McKinsey on the future of last mile logistics

With the rise of e-commerce, consumer preferences have grown increasingly important in the formerly business-oriented parcel-delivery market. Large e-commerce players, as well as various start-ups, have identified last-mile services as a key differentiator. The variety of delivery options and the perceived quality of the delivery service are major decision-making criteria for online customers and hence directly affect e-commerce players’ success in the marketplace. Vendors are working hard to offer the best customer experience possible, especially by improving delivery times. 

Consumer preferences

McKinsey, in October 2016, published a report on the future of last mile logistics. To gain a better understanding of what customers actually prefer, McKinsey conducted a survey of more than 4,700 respondents in China, Germany, and the United States. We used conjoint analysis to better understand consumers’ relative preferences for different delivery options, including their willingness to pay.

Nearly 25 percent of consumers are willing to pay significant premiums for the privilege of same-day or instant delivery. This share is likely to increase, given that younger consumers are more inclined (just over 30 percent) to choose same-day and instant delivery over regular delivery.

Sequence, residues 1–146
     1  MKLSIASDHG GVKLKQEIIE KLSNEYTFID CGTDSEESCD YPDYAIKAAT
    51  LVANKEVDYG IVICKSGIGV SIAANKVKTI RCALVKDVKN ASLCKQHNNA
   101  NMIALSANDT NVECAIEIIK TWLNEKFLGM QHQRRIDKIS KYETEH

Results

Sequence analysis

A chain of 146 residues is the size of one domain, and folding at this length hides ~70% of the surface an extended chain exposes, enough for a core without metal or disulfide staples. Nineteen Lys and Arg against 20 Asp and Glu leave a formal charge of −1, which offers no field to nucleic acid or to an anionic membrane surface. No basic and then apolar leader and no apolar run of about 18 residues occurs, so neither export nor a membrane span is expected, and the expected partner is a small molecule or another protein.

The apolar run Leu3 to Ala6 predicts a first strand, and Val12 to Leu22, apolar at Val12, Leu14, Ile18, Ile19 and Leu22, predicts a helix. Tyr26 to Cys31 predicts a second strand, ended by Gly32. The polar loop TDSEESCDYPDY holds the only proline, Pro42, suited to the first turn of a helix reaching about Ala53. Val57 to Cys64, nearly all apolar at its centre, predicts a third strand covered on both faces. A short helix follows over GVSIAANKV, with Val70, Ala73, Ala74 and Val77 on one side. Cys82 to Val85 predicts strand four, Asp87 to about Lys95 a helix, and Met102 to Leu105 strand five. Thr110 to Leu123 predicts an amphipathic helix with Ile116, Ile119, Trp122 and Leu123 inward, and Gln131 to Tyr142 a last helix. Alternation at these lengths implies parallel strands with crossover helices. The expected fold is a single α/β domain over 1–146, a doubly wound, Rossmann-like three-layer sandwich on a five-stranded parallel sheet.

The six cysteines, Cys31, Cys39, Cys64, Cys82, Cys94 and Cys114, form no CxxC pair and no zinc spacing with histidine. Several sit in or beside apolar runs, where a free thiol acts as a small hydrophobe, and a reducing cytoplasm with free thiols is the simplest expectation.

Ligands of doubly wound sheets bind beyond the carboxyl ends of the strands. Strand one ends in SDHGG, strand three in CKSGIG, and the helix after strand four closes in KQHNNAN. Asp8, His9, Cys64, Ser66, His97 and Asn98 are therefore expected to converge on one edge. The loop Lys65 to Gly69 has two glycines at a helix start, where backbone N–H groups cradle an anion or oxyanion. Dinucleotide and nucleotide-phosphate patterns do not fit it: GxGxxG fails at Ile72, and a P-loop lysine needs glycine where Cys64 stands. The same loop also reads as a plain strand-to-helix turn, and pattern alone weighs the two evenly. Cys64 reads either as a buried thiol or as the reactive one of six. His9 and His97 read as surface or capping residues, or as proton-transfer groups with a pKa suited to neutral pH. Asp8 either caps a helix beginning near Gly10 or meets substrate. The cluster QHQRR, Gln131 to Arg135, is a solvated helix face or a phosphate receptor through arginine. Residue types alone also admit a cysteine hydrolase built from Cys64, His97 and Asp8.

New delivery models

Driven by consumer preferences and drop density (for example, longer distances in rural areas greatly increase last-mile costs), three consumer delivery models are likely to dominate the last mile in the future: autonomous ground vehicles with parcel lockers, drones, and bike couriers. Two of these will be characterized by a high degree of automation and asset intensity, according to McKinsey.

Autonomous vehicles, including drones, will deliver close to 100 percent of X2C items and 80 percent of all items. Bike couriers will deliver only about 2 percent in the relatively small instant-delivery segment. Traditional delivery will account for the remaining items, approximately 20 percent.

Big B2B customers with high drop factors (the number of parcels dropped per stop or recipient) and special delivery requirements, such as hanging goods, will favor mostly human delivery as we know it today. The same is true for e-grocery delivery, as people will still want crates to be carried up to their apartments and returns to be handled directly.

Source: McKinsey

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